Commentary: The rotten oranges of Israeli cybersecurity
43% of Israel's export is attributed to tech, according to the Israel Innovation Authority’s annual report. Another figure from the same report showed that the two hottest sectors, those which attracted the most funds and investors, were cybersecurity and fintech... But the reports from recent days regarding offensive-cyber company NSO, which joins a long list of exposes in Calcalist over recent years, must push the responsible authorities, both inside and outside of the industry, to reassess the situation.
Israel offers a unique training course for tech entrepreneurs and developers, which starts at the elite military units. And no units are more elite than the different cyber units, whose graduates (a vast majority of which are still men) are snapped up by the leading companies or found their own companies. This has turned Israeli cyber into a world leader, so much so that over 40% of investments in the sector globally in 2020 went to Israeli companies and entrepreneurs.
It should be said that most Israeli cybersecurity companies develop decent and kosher products. Starting from industry veteran Check Point through to SentinelOne, which recently went public, unicorns of the likes of Wiz, Cybereason and Orca.. But alongside these companies, there is another cyber industry blossoming in Israel for years, one that is more comfortable remaining in the shadows...
Over time, other companies, small and less famous, have popped up on our radar. Israel's Senpai, for example, assisted Malaysia's allegedly corrupt Prime Minister to track opposition activists, and just last week we reported on Tel-Aviv based Candiru, whose spyware was used to spy on more than 100 human rights activists, regime opponents, journalists, and scholars...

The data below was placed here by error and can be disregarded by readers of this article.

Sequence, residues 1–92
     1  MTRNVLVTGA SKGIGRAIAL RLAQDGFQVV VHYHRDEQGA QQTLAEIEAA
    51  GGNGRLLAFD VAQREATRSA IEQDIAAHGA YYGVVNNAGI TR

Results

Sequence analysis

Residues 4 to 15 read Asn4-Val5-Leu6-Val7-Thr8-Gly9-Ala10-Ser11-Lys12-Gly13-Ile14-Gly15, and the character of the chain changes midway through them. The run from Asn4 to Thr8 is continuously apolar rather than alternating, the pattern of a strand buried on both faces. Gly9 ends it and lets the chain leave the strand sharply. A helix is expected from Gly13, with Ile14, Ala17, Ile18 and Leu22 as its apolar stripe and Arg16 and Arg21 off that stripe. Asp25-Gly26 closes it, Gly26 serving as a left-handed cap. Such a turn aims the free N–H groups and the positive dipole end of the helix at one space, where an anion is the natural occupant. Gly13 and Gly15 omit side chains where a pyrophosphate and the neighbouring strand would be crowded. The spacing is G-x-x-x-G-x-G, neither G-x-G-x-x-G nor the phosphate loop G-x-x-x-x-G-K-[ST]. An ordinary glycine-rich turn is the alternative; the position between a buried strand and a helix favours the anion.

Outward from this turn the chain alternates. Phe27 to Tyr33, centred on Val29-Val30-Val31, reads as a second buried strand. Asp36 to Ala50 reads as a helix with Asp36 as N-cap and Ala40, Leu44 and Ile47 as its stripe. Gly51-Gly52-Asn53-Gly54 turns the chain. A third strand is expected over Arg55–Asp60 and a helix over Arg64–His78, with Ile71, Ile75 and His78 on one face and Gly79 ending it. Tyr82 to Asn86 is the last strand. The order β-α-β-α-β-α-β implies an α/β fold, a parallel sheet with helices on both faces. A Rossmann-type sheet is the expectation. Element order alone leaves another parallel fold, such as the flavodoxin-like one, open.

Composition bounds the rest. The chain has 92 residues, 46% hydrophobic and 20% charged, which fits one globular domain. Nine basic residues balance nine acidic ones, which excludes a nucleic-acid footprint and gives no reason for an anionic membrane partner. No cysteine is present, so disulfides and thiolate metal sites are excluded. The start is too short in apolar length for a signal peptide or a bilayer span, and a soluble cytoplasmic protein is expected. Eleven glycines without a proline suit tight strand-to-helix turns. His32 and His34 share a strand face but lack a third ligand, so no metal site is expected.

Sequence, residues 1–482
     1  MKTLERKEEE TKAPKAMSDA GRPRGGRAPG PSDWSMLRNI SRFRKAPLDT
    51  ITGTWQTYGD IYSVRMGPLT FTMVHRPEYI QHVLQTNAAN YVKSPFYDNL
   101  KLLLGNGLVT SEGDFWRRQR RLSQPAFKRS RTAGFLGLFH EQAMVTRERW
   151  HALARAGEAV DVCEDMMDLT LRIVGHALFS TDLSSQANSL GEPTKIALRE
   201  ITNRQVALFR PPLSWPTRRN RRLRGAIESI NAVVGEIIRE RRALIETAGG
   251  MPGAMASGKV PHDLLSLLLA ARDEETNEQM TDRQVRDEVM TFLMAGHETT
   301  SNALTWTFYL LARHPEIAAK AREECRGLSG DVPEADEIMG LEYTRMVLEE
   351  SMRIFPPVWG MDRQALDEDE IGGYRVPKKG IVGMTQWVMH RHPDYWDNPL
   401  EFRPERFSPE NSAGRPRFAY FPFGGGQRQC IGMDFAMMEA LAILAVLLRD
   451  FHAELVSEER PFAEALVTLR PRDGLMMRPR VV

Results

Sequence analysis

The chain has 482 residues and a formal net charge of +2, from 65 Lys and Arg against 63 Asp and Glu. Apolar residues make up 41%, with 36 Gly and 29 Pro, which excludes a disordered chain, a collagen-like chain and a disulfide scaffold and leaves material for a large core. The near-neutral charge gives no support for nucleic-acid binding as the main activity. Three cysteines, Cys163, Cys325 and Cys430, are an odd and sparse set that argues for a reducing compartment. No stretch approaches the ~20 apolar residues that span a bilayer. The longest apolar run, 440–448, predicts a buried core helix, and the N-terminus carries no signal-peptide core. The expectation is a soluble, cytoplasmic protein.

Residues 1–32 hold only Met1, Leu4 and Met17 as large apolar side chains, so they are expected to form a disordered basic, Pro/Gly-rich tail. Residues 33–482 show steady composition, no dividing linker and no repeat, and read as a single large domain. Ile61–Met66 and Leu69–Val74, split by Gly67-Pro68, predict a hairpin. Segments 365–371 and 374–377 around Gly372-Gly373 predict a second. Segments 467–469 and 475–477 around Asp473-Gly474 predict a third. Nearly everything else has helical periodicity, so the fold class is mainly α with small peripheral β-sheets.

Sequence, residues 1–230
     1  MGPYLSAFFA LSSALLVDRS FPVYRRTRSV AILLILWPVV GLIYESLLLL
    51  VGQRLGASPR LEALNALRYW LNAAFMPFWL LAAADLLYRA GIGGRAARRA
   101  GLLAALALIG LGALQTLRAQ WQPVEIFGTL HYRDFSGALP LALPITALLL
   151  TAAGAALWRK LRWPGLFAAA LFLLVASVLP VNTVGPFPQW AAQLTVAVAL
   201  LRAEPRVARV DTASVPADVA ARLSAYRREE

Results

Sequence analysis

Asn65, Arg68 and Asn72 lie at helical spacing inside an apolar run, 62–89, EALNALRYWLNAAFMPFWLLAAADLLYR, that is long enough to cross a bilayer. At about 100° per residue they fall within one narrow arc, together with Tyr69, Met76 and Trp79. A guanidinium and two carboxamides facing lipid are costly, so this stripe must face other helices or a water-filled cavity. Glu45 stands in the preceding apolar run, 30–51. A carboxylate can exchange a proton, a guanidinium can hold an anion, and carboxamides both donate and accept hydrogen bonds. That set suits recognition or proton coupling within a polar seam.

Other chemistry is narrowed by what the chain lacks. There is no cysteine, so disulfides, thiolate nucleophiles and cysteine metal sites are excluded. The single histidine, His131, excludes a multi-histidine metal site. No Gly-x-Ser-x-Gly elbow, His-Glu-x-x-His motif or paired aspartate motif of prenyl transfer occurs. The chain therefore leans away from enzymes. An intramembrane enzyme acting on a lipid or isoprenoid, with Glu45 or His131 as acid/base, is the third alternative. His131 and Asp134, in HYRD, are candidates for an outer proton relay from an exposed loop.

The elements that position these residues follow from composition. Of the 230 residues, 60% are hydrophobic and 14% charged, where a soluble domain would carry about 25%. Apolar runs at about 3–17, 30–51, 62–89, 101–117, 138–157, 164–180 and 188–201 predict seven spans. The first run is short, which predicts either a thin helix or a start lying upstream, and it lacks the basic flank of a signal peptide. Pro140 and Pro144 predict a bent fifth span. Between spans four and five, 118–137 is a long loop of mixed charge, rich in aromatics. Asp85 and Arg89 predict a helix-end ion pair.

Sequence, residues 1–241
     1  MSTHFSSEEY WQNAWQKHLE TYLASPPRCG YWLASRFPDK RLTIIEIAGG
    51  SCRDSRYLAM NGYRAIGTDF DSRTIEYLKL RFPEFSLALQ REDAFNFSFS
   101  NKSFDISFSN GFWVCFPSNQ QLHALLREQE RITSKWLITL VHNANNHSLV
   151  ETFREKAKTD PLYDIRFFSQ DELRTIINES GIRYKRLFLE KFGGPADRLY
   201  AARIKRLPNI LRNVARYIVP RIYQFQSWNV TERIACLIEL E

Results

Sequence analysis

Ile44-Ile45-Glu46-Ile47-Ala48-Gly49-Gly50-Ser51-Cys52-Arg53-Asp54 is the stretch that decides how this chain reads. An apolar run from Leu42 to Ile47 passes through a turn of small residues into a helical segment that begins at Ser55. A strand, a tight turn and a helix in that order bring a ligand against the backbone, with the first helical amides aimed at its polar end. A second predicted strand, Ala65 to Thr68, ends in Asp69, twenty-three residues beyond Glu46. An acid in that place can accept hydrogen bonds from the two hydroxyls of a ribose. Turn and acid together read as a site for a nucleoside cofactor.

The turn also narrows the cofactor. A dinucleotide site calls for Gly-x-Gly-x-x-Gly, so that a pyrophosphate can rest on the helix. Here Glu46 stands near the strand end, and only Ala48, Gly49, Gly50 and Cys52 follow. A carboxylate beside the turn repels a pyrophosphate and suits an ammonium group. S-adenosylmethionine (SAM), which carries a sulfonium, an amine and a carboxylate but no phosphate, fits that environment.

Over the past weekend, Ronen Bergman revealed in the New York Times that the Israeli government encouraged these companies to sell services to Saudi Arabia, a country that is far from being a functioning democracy and whose ruler's involvement in the murder of journalist Jamal Khashoggi has been verified by intelligence agencies across the world.
Concurrently, the Defense Export Control Authority at the Ministry of Defence, which is responsible for overseeing cyber, continues to protect these companies in the courts every time they face a lawsuit and refuses to reveal why and according to which considerations it makes its decisions regarding who will receive an export license and who won't.
... Hopefully, these journalistic revelations will not only make it more difficult for the companies themselves, but will also result in the rethinking of the secret and automatic support they are offered by Israeli governments.